Disadvantages of Hydrogel Contact Lenses

 Hydrogel contact lenses consist of interconnected polymers.
Hydrogel contact lenses, also known as soft contact lenses, consist of superabsorbent, interconnected polymers. As of 2010, there are two main types of these lenses on the market: traditional or HEMA lenses, which contain the compound 2-hydroxyethyl methacrylate, and silicone hydrogel lenses, which use silicone instead. Both types of hydrogel lenses have advantages over their hard counterparts, known as RGP (rigid gas permeable) contact lenses. However, they also have several disadvantages.

According to Jorge E. Roldan, when he was in the Department of Biological Sciences at Louisiana Tech University in 2003, hydrogel contacts have low mechanical strength, meaning that they cannot easily withstand the application of outside forces. So when you try to pick up a hydrogel lens with your fingers, it will often temporarily lose its shape, and in a worst-case scenario, it can tear. This makes them considerably more difficult to handle in comparison to their hard counterparts. Handling problems cause the insertion and removal process of hydrogel contact lenses to take longer and can also cause you to accidentally drop a lens.
While silicone hydrogel lenses tend to allow for sufficient air permeability, the traditional hydrogel varieties do not. According to a 2004 article by Robert B. Steffen and Kevin P. McCabe in Contact Lens Spectrum, a common problem with traditional hydrogel lenses is that they do not let in enough air. This can cause your contacts and eyes to feel dry after long periods (throughout a day), and in worst-case scenarios, can cause corneal edema. According to Innvista, corneal edema is your body’s response to excessive dryness of the eye and is associated with the soaking of the cornea with fluids. These fluids can cause blurred vision, halos around lights, and eye pain.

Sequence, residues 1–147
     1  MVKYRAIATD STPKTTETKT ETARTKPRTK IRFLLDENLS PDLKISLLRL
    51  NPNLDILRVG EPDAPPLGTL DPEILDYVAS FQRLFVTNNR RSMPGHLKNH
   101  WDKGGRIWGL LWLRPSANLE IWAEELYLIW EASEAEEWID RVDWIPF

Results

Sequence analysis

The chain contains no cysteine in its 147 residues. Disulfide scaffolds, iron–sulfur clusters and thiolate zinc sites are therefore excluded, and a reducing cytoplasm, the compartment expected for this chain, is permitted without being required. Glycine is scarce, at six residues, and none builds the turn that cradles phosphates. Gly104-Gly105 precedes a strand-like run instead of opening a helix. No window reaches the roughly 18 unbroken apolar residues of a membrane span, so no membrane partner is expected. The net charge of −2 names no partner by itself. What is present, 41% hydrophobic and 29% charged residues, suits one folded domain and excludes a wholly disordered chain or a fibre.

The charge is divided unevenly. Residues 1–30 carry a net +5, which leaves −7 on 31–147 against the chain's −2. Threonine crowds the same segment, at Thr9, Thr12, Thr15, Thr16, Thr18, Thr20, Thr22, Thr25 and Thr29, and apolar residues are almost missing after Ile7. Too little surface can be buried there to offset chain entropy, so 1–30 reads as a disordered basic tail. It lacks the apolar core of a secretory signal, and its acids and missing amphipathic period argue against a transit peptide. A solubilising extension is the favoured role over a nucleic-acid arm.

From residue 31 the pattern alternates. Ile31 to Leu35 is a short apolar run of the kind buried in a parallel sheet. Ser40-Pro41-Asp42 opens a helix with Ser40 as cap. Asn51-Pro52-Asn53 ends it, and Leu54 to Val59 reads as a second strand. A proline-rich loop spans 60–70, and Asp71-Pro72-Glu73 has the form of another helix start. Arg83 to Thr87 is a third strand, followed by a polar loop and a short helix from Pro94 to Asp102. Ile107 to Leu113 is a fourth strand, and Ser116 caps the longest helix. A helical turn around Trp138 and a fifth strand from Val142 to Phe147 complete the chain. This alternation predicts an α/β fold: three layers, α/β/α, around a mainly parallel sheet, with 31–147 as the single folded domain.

Silicone hydrogel contact lenses, despite their high levels of air permeability, perform poorly when it comes to contamination, and are more likely to cause infection than their traditional counterparts. According to Robert B. Steffen and Kevin P. McCabe's 2004 article in Contact Lens Spectrum, possible problems that can result from contamination of silicone hydrogel lenses include the formation of superior epithelial arcuate lesions (SEALs), which are splits in your eye’s epithelial, and contact lens–related papillary conjunctivitis (CLPC), a condition wherein the thin tissue known as conjunctiva swells in the white parts, or sclera, of your eye, according to E. Lawrence Bickford's article at The EyeCare Connection.
According to a document revised in 1999 (School of Optometry, University of Missouri–St. Louis), hydrogel contact lenses require sterilization chemicals that are more complex and thus more expensive than those required for hard contact lenses. Silicone hydrogel contacts in particular require a specialized—and expensive—surface treatment or coating in order for them to maintain their moistness.


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